How much are you worth?


What is the value of your life? If you sold a day to another person, how much would they pay you in return?

Obviously you cannot put a price on a life. Even a single day is priceless. But every time we buy that new thing–the newest gadget we just “need” to own, that pair of shoes we’ll wear once, the kitchen appliance that (according to the label) will change the way we eat–we put a price tag on our time.

How much time do we spend in a year shopping for things we don’t really need and perhaps barely even want? How many minutes tick away as we diligently research reviews on the web and hunt for the best deal? How many hours have we spent window shopping? We often do not have a specific item in mind, just a strong want to fill an imagined void. Collecting more junk to fill a void is like drinking saltwater to quench your thirst. All it does is make the hole a little bigger.

The only currency we need to spend is time. Every day is worth 86,400 seconds that we can never be given back. Whatever void we might contain can only be filled by spending more of our time living, and less of it spending.

photo credit: (cc)

How much are you worth?

That sinking feeling.

I have never been a hoarder, but I definitely have the potential to be one.

Every item has a story. Every new thing has a purpose. Every piece of junk has a situation in which it could be useful, if only the correct scenario would appear. These are the things we tell ourselves to justify maintaining closets full of clothes we never wear, boxes stuffed with decorations we never look at (let alone display) and shelves lined with books we have never read or will never read again. “I might wear/use/read it one day.” It is a mantra we know well, and it has the potential to drown each of us in an ocean of unneeded crap.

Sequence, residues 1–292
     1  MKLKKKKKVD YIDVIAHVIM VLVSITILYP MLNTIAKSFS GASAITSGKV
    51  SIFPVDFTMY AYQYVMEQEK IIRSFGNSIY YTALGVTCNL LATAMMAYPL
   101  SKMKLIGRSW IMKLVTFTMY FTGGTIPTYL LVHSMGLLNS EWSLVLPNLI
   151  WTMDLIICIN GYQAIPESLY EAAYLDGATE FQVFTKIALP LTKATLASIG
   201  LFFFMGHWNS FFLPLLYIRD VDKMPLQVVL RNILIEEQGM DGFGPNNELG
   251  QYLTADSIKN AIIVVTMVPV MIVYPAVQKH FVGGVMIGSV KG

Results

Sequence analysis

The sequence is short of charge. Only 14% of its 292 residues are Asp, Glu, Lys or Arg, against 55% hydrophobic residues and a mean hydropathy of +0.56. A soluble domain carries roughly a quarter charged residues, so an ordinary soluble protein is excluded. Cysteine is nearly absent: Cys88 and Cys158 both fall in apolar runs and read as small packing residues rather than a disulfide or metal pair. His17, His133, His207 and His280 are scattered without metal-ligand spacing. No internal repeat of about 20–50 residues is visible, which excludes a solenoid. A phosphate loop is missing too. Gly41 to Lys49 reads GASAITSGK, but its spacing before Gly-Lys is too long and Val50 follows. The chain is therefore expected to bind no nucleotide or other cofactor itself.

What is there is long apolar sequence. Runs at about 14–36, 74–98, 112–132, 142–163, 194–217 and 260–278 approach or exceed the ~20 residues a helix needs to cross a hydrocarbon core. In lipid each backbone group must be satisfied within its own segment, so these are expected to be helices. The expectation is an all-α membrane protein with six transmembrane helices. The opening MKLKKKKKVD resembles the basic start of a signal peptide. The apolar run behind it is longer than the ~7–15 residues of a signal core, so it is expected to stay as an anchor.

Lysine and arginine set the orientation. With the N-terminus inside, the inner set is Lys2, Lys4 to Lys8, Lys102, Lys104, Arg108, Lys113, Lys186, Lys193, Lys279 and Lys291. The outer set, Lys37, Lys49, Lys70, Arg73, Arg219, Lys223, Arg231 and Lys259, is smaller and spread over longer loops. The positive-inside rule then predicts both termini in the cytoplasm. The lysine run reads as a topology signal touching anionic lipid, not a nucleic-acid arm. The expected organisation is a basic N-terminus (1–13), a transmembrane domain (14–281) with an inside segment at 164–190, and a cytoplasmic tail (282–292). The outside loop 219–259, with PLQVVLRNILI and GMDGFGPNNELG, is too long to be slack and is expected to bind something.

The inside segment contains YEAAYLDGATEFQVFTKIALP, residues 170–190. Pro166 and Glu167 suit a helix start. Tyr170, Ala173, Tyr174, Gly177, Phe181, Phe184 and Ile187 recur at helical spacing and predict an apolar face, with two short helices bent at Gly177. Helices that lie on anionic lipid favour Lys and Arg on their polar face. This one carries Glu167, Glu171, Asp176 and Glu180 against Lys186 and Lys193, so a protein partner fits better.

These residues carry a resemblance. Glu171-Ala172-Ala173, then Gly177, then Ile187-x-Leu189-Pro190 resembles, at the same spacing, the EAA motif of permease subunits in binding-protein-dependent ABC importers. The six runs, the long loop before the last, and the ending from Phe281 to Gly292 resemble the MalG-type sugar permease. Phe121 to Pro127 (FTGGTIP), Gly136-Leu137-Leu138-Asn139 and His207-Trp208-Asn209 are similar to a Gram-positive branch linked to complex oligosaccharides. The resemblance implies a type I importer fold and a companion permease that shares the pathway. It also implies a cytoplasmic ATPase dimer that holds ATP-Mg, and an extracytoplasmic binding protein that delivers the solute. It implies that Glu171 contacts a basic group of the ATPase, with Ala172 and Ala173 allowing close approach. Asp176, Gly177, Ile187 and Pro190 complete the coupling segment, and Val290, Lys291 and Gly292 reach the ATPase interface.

Shutting the consumer floodgates is difficult. Advertisers have spent decades tapping into our instinct to acquire, to fatten ourselves up during plentiful times so we might survive the approaching winter. In this case, winter is not coming. We can empty our closets and take comfort in knowing that tomorrow the Sun will rise and the stores will open. The sandwich press you haven’t used in a year can be replaced. For now the only purpose it serves is to make your life a little more crowded. That “amazing” new “life changing” piece of technology the sales rep says you need will only be new and amazing until later this year when the next version comes out and the same person is telling you the “old” model is obsolete.

We know that sinking feeling all too well. The moment of joy accompanying a new acquisition is brief and quickly supplanted by a knot in the gut. In contrast, donating a box of dusty ornaments or a bag of clothing results in a strong and lasting feeling of relief. Consider the consequences before an impulse buy. Not just the consequences today, but tomorrow, next week, and next month as well. Will this thing improve your life in a long-lasting way or will it be a reminder of money and time better spent with friends. Make conscious choices, not snap decisions. Purging the daily purchase is not just about limiting acquisitions, it’s also about decreasing how much you want to acquire.